Saturday, July 19, 2014

six hours forward (3)

Pardon the radio silence--J and I were taking a little vacation in Dhahab at one of our favorite places on the Red Sea. Internet connection was sparse at best and we were busy being on vacation. We boarded the plane back to Cairo happily tired, with potential sun poisoning, and newly engaged.

But that particular story is reserved for my habibi and me, at least for the time being. There was a big moon, a shooting star, and Mohamed Barakat's theme song stuck in my head. كمال.

Today it is Saturday and I am exhausted. For the majority of this trip thus far my body has betrayed me. The night before our Dhahab departure I accidentally ate meat(I've been vegetarian since...well...for a long time now, at least thirteen years). The meat was hidden under a delicious slab of salmon and a bed of lentils. I stretched a full fork of it to J. Why does this taste SO good I asked. He took a bite, looked at me with an affirmative nod and gave me one word: bacon.

Of course. BACON.

So that wrecked my guts for the next few days. Yesterday the painful gut returned along with the dull throb of head pain that refuses to ever really, truly leave. I haven't been sleeping that great unless I take a sleep aid, which renders me useless and sluggish the next morning. Once again normalcy becomes some far fetched luxury. I'm used to the guilt and anxiety that comes with the chronic pain, but I was hoping that travel might magically free me of those woes. My body, however, appears to have a death grip on discomfort. Here is hoping I can climb that mountain at some point today.

Yesterday J and I ventured to Tahrir Square. During my last visit the area was blocked off by tanks, soldiers, and barbed wire. This time we walked right through and stared out over the square as traffic flowed busily around its center. A simple yet intense moment for me here. I hold quite dear to me the images of Tahrir during the revolution. And there we were, where it all happened, yet nothing really remained. There is the vandalized memorial in the center of the circle, and nearby some sawhorses tangled with barbed wire, at the ready to block off he road if shit should indeed go down again. J explained that it is one of if not the most important traffic hub in the city. She was, in fact, busy with busses and taxis.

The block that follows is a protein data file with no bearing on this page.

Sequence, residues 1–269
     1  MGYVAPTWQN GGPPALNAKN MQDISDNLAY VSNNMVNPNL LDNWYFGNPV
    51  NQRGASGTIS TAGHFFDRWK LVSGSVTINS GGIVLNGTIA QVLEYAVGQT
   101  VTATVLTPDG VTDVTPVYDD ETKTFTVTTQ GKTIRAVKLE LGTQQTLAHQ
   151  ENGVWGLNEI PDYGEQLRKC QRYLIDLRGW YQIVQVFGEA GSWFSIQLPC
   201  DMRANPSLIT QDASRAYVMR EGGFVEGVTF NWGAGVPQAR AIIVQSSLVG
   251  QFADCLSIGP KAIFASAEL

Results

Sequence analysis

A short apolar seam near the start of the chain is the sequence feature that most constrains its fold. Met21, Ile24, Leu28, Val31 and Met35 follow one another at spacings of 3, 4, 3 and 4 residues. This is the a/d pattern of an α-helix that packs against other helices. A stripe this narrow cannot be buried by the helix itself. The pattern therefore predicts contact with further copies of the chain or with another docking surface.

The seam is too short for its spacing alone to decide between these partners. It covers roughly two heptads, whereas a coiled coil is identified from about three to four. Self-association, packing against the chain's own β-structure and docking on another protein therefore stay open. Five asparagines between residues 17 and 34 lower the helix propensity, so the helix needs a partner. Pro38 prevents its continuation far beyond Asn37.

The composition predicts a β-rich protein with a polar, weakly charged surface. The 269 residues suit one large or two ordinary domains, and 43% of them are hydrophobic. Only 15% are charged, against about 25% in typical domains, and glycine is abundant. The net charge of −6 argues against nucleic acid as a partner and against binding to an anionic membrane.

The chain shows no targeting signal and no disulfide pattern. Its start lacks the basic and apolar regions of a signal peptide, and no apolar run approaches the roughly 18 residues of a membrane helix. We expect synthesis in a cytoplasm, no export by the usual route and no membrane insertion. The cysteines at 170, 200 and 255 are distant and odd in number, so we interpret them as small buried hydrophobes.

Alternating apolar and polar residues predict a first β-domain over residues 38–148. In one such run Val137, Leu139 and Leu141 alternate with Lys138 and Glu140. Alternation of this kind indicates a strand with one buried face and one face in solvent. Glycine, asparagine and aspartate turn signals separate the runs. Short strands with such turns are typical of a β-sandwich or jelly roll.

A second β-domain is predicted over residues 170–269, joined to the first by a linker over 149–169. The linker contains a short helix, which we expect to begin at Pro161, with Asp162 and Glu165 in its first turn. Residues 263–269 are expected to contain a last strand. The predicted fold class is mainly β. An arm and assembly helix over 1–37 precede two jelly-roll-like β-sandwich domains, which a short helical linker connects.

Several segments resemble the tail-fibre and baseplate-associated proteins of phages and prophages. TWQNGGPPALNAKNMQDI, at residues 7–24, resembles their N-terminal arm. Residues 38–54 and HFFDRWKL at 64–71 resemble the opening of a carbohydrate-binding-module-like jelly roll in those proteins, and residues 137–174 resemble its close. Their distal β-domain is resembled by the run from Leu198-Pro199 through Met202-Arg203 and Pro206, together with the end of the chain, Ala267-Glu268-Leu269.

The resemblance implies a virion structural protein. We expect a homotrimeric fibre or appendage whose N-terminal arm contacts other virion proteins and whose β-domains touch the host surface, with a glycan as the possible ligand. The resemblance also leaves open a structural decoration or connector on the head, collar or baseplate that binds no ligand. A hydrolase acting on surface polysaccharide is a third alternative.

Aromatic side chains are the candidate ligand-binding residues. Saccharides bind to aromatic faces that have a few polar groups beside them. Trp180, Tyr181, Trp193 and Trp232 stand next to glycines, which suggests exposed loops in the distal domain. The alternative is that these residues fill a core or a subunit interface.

There is something to be said about that feeling/moment of disconnect and connect--when there is one place, a single location, that has witnessed so much. I suppose it is history itself that I'm trying to express/explain here. It is not just the square but also what is around it--the Egyptian Museum, for example. The ultimate history--mummified remains and gifts of pharoahs. The burned out remains of Mubarak's headquarters stands here as well. A shell with scars of black smoke riding its sides, empty squares in place of busted glass. This is a standing ghost, a testament of the 2011 revolution. It is a powerful thing to see.

2011 wasn't the beginning of Tahrir's exposure to the peoples energy. In 1977: the Egyptian Bread Riots(uprising to protest Mandated termination of state subsidies on basic foods). In 2003: mass protests against the war in Iraq. In January of 2011, over 50,000 people occupied the square in protest of then-president Mubarak. By the beginning of February, over 300,000 people occupied the area. The revolt lasted nearly three weeks until Mubarak stepped down. I recall watching all of this unfold at work in Pittsburgh--each day I turned on the live stream to Tahrir, compelled to follow this revolution for reasons I still don't quite understand(an eerie bit of foreshadowing to me being here perhaps, as J and I weren't together then and he wasn't working here yet anyway).